At the Feeding Our Fraud trial

Attorney Steve Schleicher is a partner at Minneapolis’s venerable Maslon firm. He is the firm’s Chair of Investigations and White Collar Defense Group. His colleagues obviously think highly of him.

Schleicher represented the State of Minnesota pro bono in the prosecution of Derek Chauvin. Attorney General Keith Ellison personally recruited him and was thrilled when he consented (as I found in the emails supplied by the AG’s office in response to my Data Practices Act request at the time).

Now Schleicher represents Said Shafii Farah — one of seven defendants in the first Feeding Our Future fraud trial, with several more trials to come. The Feeding Our Future fraud represents the biggest Covid fraud case uncovered so far. It involves the redistribution of some $250 million of American taxpayer funds, mostly to select members of Minnesota’s Somali community.

Schleicher had easier sledding in the Chauvin case than he does in this one. Schleicher’s client here will not testify. Defendant Mukhtar Shariff is the only one of the seven defendants who has chosen to testify. He took the stand yesterday afternoon and his testimony continues this morning.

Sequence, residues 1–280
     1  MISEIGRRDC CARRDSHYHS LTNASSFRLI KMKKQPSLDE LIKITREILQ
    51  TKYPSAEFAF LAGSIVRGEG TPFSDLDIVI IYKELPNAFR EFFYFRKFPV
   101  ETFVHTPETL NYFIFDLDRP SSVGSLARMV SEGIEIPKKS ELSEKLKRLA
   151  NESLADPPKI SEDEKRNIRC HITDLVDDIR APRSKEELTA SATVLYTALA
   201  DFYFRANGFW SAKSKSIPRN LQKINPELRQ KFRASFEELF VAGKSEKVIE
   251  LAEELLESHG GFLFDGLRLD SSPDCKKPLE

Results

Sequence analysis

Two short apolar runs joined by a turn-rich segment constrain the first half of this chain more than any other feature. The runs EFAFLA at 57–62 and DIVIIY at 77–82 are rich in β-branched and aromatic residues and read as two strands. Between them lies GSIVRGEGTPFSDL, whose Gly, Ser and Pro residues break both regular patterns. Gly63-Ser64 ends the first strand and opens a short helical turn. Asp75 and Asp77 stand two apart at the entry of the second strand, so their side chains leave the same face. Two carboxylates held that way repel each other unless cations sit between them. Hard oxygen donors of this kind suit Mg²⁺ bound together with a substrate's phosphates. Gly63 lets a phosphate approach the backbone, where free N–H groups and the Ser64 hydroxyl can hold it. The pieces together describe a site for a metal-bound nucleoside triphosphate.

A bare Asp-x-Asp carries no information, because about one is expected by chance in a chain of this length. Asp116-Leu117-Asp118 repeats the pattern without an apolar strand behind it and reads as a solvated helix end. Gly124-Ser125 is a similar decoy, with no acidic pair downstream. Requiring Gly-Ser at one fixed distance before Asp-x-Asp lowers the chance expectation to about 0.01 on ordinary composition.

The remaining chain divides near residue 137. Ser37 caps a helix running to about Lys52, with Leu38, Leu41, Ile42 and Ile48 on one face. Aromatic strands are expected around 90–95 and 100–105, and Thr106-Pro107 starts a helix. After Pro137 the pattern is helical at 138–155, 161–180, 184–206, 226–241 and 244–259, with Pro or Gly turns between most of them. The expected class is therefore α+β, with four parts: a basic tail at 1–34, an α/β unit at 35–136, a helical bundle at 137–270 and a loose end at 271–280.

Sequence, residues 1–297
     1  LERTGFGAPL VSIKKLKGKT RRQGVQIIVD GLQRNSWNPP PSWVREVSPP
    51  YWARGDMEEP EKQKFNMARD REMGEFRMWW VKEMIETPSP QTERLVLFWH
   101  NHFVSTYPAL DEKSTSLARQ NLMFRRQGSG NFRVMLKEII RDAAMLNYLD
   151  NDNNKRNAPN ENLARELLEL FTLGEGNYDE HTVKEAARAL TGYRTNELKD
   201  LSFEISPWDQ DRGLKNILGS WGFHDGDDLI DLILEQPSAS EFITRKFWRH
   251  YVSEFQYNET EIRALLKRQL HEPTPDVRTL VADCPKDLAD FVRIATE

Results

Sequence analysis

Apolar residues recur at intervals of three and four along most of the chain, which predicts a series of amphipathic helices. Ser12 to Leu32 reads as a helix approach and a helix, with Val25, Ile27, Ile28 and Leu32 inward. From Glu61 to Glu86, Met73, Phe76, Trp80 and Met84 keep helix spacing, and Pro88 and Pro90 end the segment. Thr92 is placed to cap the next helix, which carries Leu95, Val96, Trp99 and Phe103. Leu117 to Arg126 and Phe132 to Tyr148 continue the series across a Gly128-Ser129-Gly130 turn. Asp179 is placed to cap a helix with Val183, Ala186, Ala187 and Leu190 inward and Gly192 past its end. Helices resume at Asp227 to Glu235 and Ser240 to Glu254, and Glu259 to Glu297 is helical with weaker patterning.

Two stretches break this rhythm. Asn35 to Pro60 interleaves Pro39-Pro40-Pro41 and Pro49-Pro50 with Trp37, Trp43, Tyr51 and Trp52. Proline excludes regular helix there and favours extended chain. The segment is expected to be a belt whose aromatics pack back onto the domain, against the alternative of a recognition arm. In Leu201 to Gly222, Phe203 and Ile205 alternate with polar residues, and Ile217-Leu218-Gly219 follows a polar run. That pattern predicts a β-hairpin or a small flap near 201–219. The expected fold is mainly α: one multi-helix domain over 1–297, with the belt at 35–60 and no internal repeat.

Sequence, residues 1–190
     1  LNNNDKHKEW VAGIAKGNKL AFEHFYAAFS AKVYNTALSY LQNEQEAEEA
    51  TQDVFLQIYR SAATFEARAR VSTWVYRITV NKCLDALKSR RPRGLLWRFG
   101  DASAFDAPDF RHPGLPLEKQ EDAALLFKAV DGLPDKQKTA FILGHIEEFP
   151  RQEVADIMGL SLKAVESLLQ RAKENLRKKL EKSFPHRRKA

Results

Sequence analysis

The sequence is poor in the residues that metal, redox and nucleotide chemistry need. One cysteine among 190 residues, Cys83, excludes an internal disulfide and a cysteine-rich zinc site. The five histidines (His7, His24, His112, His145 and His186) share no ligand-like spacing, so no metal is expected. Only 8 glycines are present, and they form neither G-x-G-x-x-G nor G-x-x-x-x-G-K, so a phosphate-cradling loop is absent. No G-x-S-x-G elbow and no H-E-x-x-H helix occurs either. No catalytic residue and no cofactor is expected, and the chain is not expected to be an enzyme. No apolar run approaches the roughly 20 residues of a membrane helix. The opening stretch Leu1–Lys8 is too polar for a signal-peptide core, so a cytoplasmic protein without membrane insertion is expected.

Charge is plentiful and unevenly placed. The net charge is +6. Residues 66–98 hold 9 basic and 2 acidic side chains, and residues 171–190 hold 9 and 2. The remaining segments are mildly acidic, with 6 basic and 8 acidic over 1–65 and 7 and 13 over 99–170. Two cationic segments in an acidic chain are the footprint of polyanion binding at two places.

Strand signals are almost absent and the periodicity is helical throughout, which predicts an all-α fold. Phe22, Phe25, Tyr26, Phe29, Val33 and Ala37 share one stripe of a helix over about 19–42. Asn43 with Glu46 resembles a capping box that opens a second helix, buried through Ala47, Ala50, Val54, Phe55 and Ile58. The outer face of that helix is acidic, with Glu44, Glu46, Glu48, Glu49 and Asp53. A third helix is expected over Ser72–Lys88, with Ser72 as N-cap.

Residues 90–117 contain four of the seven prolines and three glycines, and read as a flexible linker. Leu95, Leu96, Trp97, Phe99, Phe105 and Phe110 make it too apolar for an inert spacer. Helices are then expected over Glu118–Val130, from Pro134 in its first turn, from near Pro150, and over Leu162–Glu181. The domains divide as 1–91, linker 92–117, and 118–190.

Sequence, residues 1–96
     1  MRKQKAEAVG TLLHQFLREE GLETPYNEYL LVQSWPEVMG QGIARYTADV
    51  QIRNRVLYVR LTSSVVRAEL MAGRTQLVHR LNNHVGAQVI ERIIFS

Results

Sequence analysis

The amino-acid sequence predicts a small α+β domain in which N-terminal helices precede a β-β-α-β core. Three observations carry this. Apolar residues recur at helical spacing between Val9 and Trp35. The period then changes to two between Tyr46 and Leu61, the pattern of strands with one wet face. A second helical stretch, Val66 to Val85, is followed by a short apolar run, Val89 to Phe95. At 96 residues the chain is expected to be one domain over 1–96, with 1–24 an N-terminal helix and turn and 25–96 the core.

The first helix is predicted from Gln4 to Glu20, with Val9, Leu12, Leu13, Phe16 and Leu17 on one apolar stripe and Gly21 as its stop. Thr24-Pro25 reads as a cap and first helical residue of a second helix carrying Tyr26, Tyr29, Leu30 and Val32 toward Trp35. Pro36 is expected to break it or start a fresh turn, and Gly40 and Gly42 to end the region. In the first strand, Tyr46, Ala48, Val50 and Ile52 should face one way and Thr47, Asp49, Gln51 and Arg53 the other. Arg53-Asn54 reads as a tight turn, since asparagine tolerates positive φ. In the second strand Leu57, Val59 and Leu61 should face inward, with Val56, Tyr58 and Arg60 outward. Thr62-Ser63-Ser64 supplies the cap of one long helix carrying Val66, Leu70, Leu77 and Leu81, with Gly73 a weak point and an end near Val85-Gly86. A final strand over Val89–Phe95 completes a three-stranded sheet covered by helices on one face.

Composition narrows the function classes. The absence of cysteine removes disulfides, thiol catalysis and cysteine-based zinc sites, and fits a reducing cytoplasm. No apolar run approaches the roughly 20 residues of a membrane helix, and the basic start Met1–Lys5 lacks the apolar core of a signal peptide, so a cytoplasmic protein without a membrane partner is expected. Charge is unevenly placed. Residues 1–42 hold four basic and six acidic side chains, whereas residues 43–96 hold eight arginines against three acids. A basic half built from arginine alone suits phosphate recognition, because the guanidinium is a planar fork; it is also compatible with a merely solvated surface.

I came down to court to get a sense of how it is going. So far it is slow going. I hope would to see the cross-examination, but it’s going to be a while before we get there.

Walking the downtown Minneapolis skyway into court this morning, I ran into a prominent lawyer who is not involved in the case. I told him where I was headed and asked for his guess about the outcome: “Guilty.”

He added: “I wish someone” — he pointed his finger at me — “would write about Schleicher.” He felt that Schleicher had presented as a savior of the state in the Chauvin prosecution, but that this case showed what it was all about — “publicity,” “money.”

Well, as a famous fictional American once put it, “This is the business we have chosen.” Of course he must have hoped to get something out of it for himself when he contributed his services to the prosecution in the Chauvin case.

At the press conferences announcing indictments in this case, the government featured its clawback of ill-gotten cash and property purchased with the proceeds of the fraud. I would just add that if Schleicher is charging his usual hourly rate and Farah has the cash to pay it, the government may not have exhausted the possibilities.

JOHN adds: My colleague Bill Glahn attended yesterday’s proceedings and is also back in court today. His account on yesterday’s trial day, when the jury finally heard evidence on behalf of one of the defendants, is here.

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